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Competing with customers – the statement, although oxymoronic, is the state of the tech ecosystem today. It is hard to visualise a linear end-to-end tech value chain. There are always intermingling and jumps occurring in between. Be it in the area of semiconductors or the cloud, the logic of maximising profits and diversifying product portfolio for multiple revenue streams have made companies get into markets where their customers are.
The case of Arm
As per recent reports, chip designer Arm is making its own prototype semiconductor for mobile devices, laptops, and other electronics. This tops another report that Arm sought to increase prices and overhaul its business model by charging royalties to device-makers rather than some of its chipmaker customers.
Arm has traditionally been a company that sells IP to others and charges a licensing fee for it. But, in an annual report published last week, the company highlighted that a principal risk to its business was the “significant concentration” in its customer base – for example, Arm’s top 20 customers accounted for 86 percent of revenues last year.
On the outside, it looks unlikely that it would go ahead to produce its own chips, since Arm would want to upset its primary revenue contributors. However, given its desire to diversify its revenue streams, Arm may venture into a new market. “If Arm comes into this market, it has to be in high performance computing (HPC) or data centres because that market doesn’t have a lot of Arm players. On the other hand, the smartphone market is a very mature one for Arm to enter,” said Sravan Kundojjala, Principal Industry Analyst at TechInsights.
However, producing 5 nm or less data centre chips and scaling up the volume, as well as developing software support will come with a significant capital investment. And going by their quarterly results, the revenue seems to be barely catching up on the R&D spending required to keep up. Perhaps that is why the price increase. “But to what extent will it keep increasing the price? A sudden business model change may not resonate with smartphone OEMs who already feel burdened by the Qualcomm royalty,” said Kundojjala.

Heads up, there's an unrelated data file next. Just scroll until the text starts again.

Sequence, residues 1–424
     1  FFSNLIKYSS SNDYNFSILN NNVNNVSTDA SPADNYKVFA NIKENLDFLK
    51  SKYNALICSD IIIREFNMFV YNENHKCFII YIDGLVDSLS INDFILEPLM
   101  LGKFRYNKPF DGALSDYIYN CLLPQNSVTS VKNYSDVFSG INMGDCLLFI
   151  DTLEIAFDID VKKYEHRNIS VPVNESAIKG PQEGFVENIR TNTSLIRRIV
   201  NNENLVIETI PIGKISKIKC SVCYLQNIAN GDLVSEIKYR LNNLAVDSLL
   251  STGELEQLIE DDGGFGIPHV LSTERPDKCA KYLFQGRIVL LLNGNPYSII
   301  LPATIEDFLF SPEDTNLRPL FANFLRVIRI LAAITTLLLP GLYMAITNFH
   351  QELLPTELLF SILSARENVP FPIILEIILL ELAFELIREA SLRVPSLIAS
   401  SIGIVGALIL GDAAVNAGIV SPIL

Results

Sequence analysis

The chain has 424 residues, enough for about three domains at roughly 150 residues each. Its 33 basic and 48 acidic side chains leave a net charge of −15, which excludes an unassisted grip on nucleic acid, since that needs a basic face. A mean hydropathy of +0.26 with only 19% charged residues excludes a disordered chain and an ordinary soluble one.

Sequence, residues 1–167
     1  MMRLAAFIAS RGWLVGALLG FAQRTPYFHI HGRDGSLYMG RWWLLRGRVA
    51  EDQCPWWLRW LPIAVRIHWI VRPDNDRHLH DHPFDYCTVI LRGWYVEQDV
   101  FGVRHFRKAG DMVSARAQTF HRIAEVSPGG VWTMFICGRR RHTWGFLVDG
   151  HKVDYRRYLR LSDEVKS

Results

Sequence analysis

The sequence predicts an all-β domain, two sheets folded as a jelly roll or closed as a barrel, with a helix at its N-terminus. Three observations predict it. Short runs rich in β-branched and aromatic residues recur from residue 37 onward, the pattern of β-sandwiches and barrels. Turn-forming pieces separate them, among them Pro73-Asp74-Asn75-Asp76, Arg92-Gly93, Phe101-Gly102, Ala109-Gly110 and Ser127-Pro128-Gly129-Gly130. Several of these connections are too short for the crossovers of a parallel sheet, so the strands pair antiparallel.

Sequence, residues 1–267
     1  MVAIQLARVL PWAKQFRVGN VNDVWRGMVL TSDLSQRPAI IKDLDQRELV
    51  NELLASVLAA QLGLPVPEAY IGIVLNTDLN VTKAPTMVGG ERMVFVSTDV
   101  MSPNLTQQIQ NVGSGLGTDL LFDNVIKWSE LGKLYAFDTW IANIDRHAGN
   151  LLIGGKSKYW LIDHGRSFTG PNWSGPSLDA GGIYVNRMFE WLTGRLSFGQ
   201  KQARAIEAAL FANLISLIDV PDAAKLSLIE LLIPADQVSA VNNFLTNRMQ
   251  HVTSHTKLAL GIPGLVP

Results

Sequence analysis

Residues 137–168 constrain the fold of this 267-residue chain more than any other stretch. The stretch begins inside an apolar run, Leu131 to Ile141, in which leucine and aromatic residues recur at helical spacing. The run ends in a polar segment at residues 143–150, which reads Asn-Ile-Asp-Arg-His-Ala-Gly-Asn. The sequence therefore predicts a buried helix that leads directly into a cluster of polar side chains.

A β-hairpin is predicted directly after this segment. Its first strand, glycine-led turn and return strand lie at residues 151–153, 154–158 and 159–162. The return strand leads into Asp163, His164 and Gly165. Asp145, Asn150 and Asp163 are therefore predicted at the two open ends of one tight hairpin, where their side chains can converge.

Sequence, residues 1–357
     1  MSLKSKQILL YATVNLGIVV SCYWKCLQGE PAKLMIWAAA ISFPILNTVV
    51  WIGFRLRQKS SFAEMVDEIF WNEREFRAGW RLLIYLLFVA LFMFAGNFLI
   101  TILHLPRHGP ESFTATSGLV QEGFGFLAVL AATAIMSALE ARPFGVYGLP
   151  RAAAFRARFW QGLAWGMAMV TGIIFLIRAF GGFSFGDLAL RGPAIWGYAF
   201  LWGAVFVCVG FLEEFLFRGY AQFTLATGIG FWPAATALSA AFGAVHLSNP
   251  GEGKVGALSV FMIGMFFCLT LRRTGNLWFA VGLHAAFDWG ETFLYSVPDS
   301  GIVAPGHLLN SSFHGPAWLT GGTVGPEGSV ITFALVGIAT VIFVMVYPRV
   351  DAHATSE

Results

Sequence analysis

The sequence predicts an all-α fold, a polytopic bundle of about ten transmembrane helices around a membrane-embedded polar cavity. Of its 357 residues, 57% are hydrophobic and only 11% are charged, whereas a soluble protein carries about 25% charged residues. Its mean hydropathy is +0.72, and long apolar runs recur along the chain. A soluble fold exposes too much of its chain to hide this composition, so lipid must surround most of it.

“There is also the custom silicon market that Arm can get into,” said Kundojjala. Companies like Broadcom and Marvell have a very significant custom silicon business. If Arm goes into custom silicon, they can also work with hyperscalers like Amazon, Google, Tencent, Microsoft, etc.
Coopetition is the game
But, this model of ‘compete and cooperate’ (in other words, coopetition) with your customers is not new, especially in the chip world. For example, Samsung buys the best-in-class chips from Qualcomm, and in return, Qualcomm gives some foundry business to Samsung. So, in the case of Samsung-Qualcomm, it was necessary and in the interest of both parties. Even Nvidia, for example, cooperates with Intel server CPUs because their GPUs have to work very closely with Intel x86 systems, but at the same time, they compete with Intel in AI and other segments.
On the other hand, companies like TSMC and ASML don’t tamper with any of their customers primarily because the barrier to entry is too high. For example, TSMC cannot make EUV tools. Likewise, ASML cannot pursue foundry. “In a way, sometimes you compete, sometimes you cooperate,” said Kundojjala.
Operating system makers like Microsoft licence Windows to other PC companies, while also producing its own PC products. Hence, it’s very common in the tech industry.
In recent times, this phenomenon is only getting amplified. According to a report by The Information, Microsoft has been developing its own AI chips since 2019, in order to reduce its dependence on Nvidia and avoid costly reliance on their products. With this, it will be joining other major cloud computing providers like GCP and AWS in developing its own chips for AI training and inference. All this while these platforms are also offering its competitor, Nvidia’s AI chips on the cloud.
Cloud is no exception
A survey of 535 IT professionals conducted by Spiceworks in 2018 found that only 47 percent of IT professionals were loyal to their cloud service providers (CSPs). The numbers are likely to be even low now. Perhaps because it’s easier for IT pros to switch from one cloud provider to another if a better deal comes along.
In the past five to seven years, cloud companies were limited in their server and database offerings, with a limited number of templates available. But, customers seek flexibility. A multi-cloud strategy gives customers new server templates allowing them to choose as per their needs, making it much cheaper.